Another point that nobody raised is the totally unjustified length of copyright. It should be scaled right back to 20 years (in line with patents). Let's take an example - Peter Jackson's "King Kong". They went 100% over budget and spent $200m on it making it the most expensive movie ever made. At the cimema it took $550m and another $100m in DVD sales. So that is a profit of $450m or 225% of the cost of production. A good return, methinks!

    Now, I'm not saying that Jackson should never earn another penny from his movie but by no stretch of the imagination can anyone say that he hasn't been well compensated for what he did.

    This brings me to my point (at last!!!)

    The real problem with DRM etc is that its purpose seems to be to inflate profits from "enormously vast" to "staggeringly unbelievable" and that is what so many people find objectionable. These companies aren't hurting - not by a long way - so when I feel their DRM hand sliding into my wallet it does not generate any feelings other than resentment and digust.
    • At least you're blaming the right people.

      DRM doesn't exist because of Microsoft. The company is giving the content proviiders what they want, and receiving money in return, directly and indirectly.

      The author of the Comment alludes to this when he observes that Microsoft is in danger of beoming known as a DRM-favoring company.

      In danger? In the anti-trust case, Microsoft responded to some contentions by citing protection of IP rights. The Appeals Court's decision rejecting those arguments had an amused tone.

      Though Bill gates can see IP's threat to his company, he can also see IP's value. Microsoft does advocate IP rights. The distinction is, it's unlikely Microsoft would have worked so elaborately on DRM for $0.

      Also worth noting, if the electronics and software industries had not been responsive to the content providers, they would have used their power in Congress to have laws passed to assure DRM at their discretion. Congres believes the industry is suffering from ineffective DRM.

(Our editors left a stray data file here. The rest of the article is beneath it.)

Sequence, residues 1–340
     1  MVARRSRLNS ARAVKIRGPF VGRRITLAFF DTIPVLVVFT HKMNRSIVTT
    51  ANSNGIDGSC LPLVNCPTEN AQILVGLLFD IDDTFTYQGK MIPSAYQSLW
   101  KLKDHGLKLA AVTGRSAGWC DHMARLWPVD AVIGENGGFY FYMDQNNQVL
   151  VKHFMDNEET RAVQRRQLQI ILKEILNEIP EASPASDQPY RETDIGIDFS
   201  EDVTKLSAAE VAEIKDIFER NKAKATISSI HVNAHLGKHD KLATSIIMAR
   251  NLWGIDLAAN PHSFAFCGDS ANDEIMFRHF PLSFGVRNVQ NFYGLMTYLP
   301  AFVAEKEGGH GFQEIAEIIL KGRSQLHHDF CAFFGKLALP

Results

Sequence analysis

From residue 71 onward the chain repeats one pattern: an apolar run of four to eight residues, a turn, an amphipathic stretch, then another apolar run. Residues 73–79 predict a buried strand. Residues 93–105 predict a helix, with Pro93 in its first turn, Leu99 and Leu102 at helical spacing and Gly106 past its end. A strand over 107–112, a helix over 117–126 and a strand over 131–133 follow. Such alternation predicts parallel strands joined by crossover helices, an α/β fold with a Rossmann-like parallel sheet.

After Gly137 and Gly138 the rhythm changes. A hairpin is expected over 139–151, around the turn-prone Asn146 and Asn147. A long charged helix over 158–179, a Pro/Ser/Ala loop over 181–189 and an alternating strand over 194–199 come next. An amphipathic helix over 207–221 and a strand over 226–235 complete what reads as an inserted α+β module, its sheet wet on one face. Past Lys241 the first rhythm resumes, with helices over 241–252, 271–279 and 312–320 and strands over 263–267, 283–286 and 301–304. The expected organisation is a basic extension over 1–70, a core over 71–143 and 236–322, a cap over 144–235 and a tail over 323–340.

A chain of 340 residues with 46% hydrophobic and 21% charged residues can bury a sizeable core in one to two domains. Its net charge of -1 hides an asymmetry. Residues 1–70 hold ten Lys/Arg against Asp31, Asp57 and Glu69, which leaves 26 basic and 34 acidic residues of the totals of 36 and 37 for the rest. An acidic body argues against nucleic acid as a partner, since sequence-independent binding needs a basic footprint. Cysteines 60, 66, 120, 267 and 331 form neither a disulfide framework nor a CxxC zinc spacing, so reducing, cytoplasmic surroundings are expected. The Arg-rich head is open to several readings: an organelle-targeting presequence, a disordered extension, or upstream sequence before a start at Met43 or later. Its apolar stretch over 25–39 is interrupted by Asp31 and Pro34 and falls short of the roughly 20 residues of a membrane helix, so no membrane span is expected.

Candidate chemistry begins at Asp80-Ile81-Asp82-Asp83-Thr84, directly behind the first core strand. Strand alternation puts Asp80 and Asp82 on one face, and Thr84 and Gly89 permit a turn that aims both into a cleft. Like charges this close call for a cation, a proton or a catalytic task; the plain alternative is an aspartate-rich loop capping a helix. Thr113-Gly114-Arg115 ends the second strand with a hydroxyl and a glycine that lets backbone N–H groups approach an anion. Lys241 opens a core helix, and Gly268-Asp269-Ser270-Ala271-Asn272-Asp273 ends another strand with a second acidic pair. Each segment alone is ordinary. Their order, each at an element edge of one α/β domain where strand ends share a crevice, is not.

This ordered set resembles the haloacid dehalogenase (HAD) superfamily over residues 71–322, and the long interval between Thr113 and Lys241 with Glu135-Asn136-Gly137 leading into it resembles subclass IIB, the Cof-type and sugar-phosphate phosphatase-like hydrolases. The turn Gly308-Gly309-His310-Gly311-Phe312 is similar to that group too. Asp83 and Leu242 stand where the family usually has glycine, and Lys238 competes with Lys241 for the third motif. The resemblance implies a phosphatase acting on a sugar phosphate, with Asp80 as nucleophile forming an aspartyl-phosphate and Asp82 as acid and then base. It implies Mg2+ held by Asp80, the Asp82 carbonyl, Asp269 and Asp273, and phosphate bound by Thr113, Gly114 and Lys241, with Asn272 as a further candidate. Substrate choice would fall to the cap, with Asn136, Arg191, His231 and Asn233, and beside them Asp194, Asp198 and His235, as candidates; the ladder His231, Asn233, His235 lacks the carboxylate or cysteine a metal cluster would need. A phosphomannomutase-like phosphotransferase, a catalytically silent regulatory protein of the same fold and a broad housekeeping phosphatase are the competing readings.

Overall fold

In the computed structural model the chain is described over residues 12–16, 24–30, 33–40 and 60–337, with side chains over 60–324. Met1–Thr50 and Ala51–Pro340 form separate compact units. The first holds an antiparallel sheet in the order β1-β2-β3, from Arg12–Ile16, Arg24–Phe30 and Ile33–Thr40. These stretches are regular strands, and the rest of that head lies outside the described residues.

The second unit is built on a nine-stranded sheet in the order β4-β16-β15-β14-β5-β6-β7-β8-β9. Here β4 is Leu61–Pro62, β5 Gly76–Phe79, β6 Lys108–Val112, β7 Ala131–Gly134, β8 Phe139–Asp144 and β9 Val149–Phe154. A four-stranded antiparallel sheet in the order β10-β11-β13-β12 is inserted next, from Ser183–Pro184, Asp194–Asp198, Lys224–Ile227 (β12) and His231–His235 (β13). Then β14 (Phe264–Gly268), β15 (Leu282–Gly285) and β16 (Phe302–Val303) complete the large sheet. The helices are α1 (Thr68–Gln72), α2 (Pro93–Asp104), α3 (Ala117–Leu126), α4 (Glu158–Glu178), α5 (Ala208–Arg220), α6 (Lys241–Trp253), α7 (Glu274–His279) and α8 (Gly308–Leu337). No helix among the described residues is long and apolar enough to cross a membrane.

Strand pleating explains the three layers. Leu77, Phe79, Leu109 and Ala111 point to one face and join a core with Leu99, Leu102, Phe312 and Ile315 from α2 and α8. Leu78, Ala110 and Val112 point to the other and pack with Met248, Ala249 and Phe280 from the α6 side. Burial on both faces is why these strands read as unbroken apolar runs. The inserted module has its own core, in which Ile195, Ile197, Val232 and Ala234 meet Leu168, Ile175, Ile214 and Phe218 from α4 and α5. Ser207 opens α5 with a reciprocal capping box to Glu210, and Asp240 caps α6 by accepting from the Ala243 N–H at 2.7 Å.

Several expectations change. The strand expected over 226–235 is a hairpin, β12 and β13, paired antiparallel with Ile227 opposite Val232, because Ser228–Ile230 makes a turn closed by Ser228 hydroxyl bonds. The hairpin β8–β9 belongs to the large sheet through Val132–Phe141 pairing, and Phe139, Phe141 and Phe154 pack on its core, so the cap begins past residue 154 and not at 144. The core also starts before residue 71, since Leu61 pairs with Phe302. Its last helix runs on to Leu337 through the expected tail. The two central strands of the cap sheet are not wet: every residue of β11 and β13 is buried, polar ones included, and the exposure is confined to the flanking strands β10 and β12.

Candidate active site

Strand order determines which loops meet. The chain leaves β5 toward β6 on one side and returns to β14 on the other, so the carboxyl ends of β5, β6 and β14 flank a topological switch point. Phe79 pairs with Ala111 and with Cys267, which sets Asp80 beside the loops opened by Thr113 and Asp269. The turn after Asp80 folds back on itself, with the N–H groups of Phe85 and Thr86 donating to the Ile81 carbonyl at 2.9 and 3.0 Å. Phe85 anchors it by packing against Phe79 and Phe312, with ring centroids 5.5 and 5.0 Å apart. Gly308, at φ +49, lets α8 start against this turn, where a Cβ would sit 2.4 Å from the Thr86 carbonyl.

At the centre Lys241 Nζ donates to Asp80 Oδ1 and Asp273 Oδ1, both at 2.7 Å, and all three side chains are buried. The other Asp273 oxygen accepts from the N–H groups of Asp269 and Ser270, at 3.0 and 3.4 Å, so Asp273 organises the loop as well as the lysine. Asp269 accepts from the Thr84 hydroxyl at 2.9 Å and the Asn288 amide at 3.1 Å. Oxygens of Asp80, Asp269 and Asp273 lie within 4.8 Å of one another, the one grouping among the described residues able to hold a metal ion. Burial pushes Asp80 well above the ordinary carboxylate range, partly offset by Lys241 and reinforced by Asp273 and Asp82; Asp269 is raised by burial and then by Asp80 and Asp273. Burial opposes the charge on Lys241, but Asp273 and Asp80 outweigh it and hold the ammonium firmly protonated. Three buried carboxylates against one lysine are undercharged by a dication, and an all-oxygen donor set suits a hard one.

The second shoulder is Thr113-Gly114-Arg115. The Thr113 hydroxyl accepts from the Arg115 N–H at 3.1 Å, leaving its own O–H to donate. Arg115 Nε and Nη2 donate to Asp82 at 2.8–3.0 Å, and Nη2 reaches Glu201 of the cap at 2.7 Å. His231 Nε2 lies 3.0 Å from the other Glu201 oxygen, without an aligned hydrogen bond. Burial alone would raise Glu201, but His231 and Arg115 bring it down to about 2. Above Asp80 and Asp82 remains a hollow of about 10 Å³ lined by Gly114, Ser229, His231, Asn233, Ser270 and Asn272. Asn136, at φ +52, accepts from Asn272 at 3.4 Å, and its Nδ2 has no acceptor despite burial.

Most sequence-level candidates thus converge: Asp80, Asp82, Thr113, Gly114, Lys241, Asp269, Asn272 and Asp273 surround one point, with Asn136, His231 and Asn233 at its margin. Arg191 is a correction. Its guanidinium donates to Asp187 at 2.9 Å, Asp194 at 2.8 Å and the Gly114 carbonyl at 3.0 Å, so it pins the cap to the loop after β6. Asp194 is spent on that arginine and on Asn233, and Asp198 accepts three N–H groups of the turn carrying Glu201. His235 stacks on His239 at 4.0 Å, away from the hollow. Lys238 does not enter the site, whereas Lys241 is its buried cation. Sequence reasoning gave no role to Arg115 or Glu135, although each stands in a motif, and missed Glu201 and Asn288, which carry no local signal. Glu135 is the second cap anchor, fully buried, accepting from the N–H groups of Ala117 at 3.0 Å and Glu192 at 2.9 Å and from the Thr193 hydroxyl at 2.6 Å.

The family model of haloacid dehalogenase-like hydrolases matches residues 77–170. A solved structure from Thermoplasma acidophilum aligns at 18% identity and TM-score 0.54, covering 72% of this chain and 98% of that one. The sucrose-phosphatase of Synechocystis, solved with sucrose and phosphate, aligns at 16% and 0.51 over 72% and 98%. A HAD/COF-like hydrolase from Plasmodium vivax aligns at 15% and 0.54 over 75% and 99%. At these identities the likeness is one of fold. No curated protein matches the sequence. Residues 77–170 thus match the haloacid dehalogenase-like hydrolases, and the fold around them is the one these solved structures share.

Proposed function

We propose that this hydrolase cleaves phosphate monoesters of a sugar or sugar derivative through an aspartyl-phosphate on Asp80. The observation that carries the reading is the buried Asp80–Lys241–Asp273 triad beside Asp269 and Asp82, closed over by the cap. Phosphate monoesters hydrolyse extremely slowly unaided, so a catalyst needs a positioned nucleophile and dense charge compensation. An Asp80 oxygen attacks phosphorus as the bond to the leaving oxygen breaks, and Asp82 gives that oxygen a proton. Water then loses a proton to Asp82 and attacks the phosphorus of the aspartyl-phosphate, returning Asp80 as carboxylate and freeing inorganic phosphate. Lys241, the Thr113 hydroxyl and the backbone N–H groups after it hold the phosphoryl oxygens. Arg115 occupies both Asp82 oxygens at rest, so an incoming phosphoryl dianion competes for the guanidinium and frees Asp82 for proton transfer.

Anton Philidor
      • Please

        "DRM doesn't exist because of Microsoft"

        MS has been extremely enthusiastic of DRM technology. All the MS technical
        seminars I've been to for at least 5 years have promoted DRM, usually from a
        business security perspective.

        This is the reason it is embedded in Vista, not because "others" have demanded it.
        It is a core strategy of MS and has been for the entire Vista development cycle.

        Those of us with a poor view of MS (based on past and continuing abuse) see this
        simply as an extension of their monopoly practices given the increasing threat of
        open APIs.

        Blaming DRM in Vista ignores the Steve and Bill shows for the past decade.
        Richard Flude
        • Things that make me go "Hmmm"

          With Vista having DRM built in, and apparently closely tied to disks, what happens to Microsoft when (and it will be) their DRM is broken. How do they recode Vista to "fix" it, and not break the DRM on the (presumably) large number of (primarily) dvd's that want the older broken version of the DRM?

          It's late, I'm tired, I could be deluded on this thing. I guess I'll find out :P
          • Because of Congressional interest, ...

            ... I think, there will be DRM in the hardware as well as the software. Breaking DRM will happen, of course, but it will be more difficult than usual, and Microsoft won't be the only company required to respond.

            If we're lucky, only the game of making and breaking DRM will continue. If we're not lucky, Congress will attempt to "fix" the situation with inconvenient legislation of some sort.

            Congress is the most significant problem in this situation.
            Anton Philidor
          • Congressional Interest.... because of.....

            Microsoft lobbying:

            April 30, 2007
            More on Microsoft's lobbying tactics


            Microsoft's lobbying budget 'outstripped


            Microsoft lobbying for OpenXML!?!


            Could post enough examples to be boring. Let
            he who seeks the truth Google it himself.
            Ole Man
        • Enthusiastic, yes.

          And you're right that with its relevance to document protection, it is a part of the company's strategy.

          But would Microsoft have been able to influence the electronics industry, including computer makers, if the content companies had not been using the (false) claims of damage from privacy to obtain the participation of the US government?